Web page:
S-LANSS score Number of patients (%)
<10 120 (45.98)
≥10 141 (54.02)
Total patients 261 (100)

S-LANSS: Self-reported version of the Leeds Assessment of Neuropathic Symptoms and Signs


The present study revealed a high burden (54%) of neuropathic pain in cancer patients. Roberto's systematic review[23] of prospective studies reported a pooled prevalence of 31.2%, ranging from 30.0% in oncology settings to 32.4% in palliative care settings. Within the palliative care domain, almost equal prevalence rates were found in different settings, i.e., outpatient– 30.9%, inpatients/hospice – 33.0%, home care – 32.5% and 33.1% in mixed settings. Our prospective study has revealed much higher rates in outpatient settings as compared to previously published literature.[23]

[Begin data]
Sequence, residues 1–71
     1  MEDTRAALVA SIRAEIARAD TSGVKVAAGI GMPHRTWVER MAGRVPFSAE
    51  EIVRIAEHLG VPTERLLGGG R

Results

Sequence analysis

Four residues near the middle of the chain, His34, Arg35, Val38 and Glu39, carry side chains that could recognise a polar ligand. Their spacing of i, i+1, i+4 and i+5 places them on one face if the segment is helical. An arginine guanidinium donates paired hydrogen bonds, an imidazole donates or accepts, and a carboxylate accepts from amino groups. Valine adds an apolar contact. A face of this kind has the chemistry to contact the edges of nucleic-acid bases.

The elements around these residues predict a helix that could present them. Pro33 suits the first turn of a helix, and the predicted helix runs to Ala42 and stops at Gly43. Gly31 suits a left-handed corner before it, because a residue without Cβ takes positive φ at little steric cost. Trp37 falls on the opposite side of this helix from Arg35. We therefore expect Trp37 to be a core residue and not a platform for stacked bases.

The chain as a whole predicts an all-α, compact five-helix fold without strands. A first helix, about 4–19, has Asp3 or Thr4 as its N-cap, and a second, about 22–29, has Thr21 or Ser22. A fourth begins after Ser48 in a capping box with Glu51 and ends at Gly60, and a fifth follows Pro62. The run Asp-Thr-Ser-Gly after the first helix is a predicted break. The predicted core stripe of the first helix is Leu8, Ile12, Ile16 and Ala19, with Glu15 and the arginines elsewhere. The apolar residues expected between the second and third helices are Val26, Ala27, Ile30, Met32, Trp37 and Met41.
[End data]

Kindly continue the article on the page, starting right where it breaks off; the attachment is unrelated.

To the best knowledge of the authors, this is the first multi-centric, cross-sectional study conducted in India to screen outpatients in palliative care settings using a screening questionnaire. A retrospective study conducted at a tertiary cancer care hospital in India showed low prevalence of 11.8%.[8] Another retrospective study done by Jain et al. in similar settings reported a prevalence rate of 39.7% among cancer patients referred for pain management.[24] In both studies, the diagnosis of neuropathic pain was based on clinical judgment and patient-reported pain characteristics such as burning, shooting, tingling, or pins and needles sensation. A different retrospective study conducted at the pain clinic in a tertiary cancer care center depicted that pain clinicians prescribed anticonvulsants and antidepressants to 72% patients indicating a significant neuropathic component.[25] A prospective study by Jain et al. demonstrated a 10%-point prevalence of neuropathic pain in cancer patients using pain DETECT questionnaire tool, but this was acute postsurgical neuropathic pain.[26]